7. Sissingh W. Comparative tertiary stratigraphy of the Rhine Graben, Bresse Graben and Molasse Basin: Correlation of Alpine foreland events. Tectonophysics. 1998;300(1):249-284.         [ Links ]

8. Grünthal G. Induced seismicity related to geothermal projects versus natural tectonic earthquakes and other types of induced seismic events in Central Europe. Geothermics. 2014;52:22-35.         [ Links ]

9. Freymark J, Sippel J, Scheck-Wenderoth M, Bär K, Stiller M, Fritsche JG, Kracht M. The deep thermal field of the Upper Rhine Graben. Tectonophysics. 2017;694:114-129.         [ Links ]

10. Stober I, Bucher K. Hydraulic and hydrochemical properties of deep sedimentary reservoirs of the Upper Rhine Graben, Europe. Geofluids. 2015;15(3):464-482.        [ Links ]

11. Agemar T, Weber J, Schulz R. Deep geothermal energy production in Germany. Energies. 2014;7(7):4397-4416.         [ Links ]

12. Stankiewicz J, De Wit M. 3.5 billion years of reshaped Moho, southern Africa. Tectonophysics. 2013;609:675-689.         [ Links ]

13. Schmitz MD, Bowring SA, De Wit MJ, Gartz V. Subduction and terrane collision stabilize the western Kaapvaal craton tectosphere 2.9 billion years ago. Earth Planet Sci Lett. 2004;222(2):363-376.         [ Links ]

14. Krige LJ. Borehole temperatures in the Transvaal and Orange Free State. Proc Roy Soc Lond A. 1939;173(955):450-474.         [ Links ]

15. Carte AE, Van Rooyen AI. Further measurements of heat flow in South Africa. Geol Soc S Afr. Special Publication. 1969;2:445-448.         [ Links ]

16. Jones MQ. Heat flow in the Witwatersrand Basin and environs and its significance for the South African shield geotherm and lithosphere thickness. J Geophys Res-Sol Ea. 1988;93(B4):3243-3260.         [ Links ]

17. Jones MQ. Heat flow and heat production in the Namaqua mobile belt, South Africa. J Geophys Res-Sol Ea. 1987;92(B7):6273-6289.         [ Links ]

18. Jones MQ. Heat flow anomaly in Lesotho: Implications for the southern boundary of the Kaapvaal craton. Geophys Res Lett. 1992;19(20):2031-2034.         [ Links ]

19. Thomas RJ. A tale of two tectonic terranes. S Afr J Geol. 1989;92(4):306-321.         [ Links ]

20. Linol B, De Wit MJ. Origin and evolution of the Cape Mountains and Karoo Basin. Regional Geology Reviews series. Cham, Switzerland: Springer International Publishing; 2016.         [ Links ]

21. Viljoen J, Siegfried H. Kuils River Batholith. In: Johnson M, editors. Pretoria: Catalogue of South African Lithostratigraphic Units; 2009. p. 13.         [ Links ]

22. Voordouw RJ, Rajesh HM. Granitoids from the Margate Terrane and their implications for tectono-magmatic models of the Natal Metamorphic Province (South Africa). S Afr J Geol. 2012;115(1):47-64.         [ Links ]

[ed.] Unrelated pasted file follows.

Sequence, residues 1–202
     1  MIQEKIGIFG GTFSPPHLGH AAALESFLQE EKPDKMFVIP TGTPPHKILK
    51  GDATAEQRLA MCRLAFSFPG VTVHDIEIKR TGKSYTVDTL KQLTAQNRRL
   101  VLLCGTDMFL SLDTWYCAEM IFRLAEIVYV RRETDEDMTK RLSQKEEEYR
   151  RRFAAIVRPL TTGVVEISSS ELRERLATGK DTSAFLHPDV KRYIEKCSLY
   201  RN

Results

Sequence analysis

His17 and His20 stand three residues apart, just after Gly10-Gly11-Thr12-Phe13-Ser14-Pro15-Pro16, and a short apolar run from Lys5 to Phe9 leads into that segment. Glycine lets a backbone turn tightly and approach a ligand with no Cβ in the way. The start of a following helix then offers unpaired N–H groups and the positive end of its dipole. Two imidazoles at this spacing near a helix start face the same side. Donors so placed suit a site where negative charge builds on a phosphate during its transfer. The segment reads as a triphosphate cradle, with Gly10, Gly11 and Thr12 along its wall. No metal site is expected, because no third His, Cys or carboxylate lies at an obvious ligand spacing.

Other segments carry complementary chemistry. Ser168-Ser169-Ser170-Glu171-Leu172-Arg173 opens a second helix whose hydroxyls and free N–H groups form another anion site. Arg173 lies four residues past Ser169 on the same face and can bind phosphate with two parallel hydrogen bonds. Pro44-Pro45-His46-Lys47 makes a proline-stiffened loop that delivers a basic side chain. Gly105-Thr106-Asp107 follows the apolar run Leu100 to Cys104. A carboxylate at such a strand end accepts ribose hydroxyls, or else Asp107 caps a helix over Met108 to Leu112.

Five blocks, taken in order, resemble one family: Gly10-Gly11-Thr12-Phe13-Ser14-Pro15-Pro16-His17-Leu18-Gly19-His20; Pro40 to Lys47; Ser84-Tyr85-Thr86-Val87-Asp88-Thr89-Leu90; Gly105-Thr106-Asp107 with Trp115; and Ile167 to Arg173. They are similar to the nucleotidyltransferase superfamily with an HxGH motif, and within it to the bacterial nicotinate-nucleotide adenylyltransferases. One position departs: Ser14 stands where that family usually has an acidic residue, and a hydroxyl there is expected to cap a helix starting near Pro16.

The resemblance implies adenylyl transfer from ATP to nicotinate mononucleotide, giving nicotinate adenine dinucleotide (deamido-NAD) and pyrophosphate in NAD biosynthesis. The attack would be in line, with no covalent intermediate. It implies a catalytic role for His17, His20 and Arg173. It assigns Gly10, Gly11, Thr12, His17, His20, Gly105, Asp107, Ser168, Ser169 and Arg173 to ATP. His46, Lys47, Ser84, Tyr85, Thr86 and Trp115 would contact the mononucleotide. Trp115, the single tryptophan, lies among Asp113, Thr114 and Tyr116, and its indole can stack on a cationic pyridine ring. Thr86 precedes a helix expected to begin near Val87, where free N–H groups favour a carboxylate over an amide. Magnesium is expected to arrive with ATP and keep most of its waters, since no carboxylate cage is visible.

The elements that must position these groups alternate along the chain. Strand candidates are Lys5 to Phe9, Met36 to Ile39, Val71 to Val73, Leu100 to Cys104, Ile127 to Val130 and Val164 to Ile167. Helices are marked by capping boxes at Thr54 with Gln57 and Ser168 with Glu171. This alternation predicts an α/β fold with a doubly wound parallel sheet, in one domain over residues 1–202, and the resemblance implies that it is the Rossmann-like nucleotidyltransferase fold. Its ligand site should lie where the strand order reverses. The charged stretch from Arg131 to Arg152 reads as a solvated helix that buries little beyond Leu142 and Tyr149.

23. Andreoli MA, Hart RJ, Ashwal LD, Coetzee H. Correlations between U, Th content and metamorphic grade in the western Namaqualand Belt, South Africa, with implications for radioactive heating of the crust. J Petrol. 2006;47(6):1095-1118.         [ Links ]

24. Meyer M, Robb LJ, Anhaeusser CR. Uranium and thorium contents of Archaean granitoids from the Barberton Mountain Land, South Africa. Precambrian Res. 1986;33(4):303-321.         [ Links ]

25. Van Tonder DM, Mouri H. Petrology and geochemistry of the granitoid rocks of the Johannesburg Dome, central Kaapvaal Craton, South Africa. S Afr J Geol. 2010;113(3):257-286.         [ Links ]

26. Good N, De Wit MJ. The Thabazimbi-Murchison Lineament of the Kaapvaal craton, South Africa: 2700 Ma of episodic deformation. J Geol Soc London. 1997;154(1):93-97.         [ Links ]

27. Walraven F, Kleeman GJ, Allsopp HL. Disturbance of trace-element and isotope systems and its bearing on mineralisation in acid rocks of the Bushveld Complex, South Africa. High heat production (HHP) granites, hydrothermal circulation and ore genesis. London: Institute of Mining and Metallurgy; 1985. p. 393-408.         [ Links ]

28. Kenan AO, Chirenje E. Uranium in South Africa: Exploration and supply capacity. Nat Res Conserv. 2016;4(2):25-33.         [ Links ]

29. Robb LJ, Davis DW, Kamo SL, Meyer FM. Ages of altered granites adjoining the Witwatersrand Basin with implications for the origin of gold and uranium. Nature. 1992;357(6380):677-680.         [ Links ]

30. Dhansay T, Brandl G, De Wit MJ. Fractal geometry of the fault network across the Soutpansberg Mountains, Limpopo, South Africa. S Afr J Geol. 2016;119(1):235-242.         [ Links ]

31. Brandt MB, Saunders I. New regional moment tensors in South Africa. Seismol Res Lett. 2011;82(1):69-80.         [ Links ]

32. Viola G, Kounov A, Andreoli MA, Mattila J. Brittle tectonic evolution along the western margin of South Africa: More than 500Myr of continued reactivation. Tectonophysics. 2012;514:93-114.         [ Links ]

33. Nemangwele F. Radon in the Cango Caves [MSc thesis]. Cape Town: University of the Western Cape; 2005.         [ Links ]

34. Goedhart ML, Booth PW. A palaeoseismic trench investigation of early Holocene neotectonic faulting along the Kango Fault, southern Cape Fold Belt, South Africa - Part I: Stratigraphic and structural features. S Afr J Geol. 2016;119(3):545-568.         [ Links ]

35. Dingle RV, Scrutton RA. Continental breakup and the development of post-Paleozoic sedimentary basins around southern Africa. Geol Soc Am Bull. 1974;85(9):1467-1474.<1467:cbatdo>;2.         [ Links ]

36. Boshoff R, Reenen DV, Smit CA, Perchuk LL, Kramers JD, Armstrong R. Geologic history of the Central Zone of the Limpopo Complex: The West Alldays area. J Geol. 2006;114(6):699-716.         [ Links ]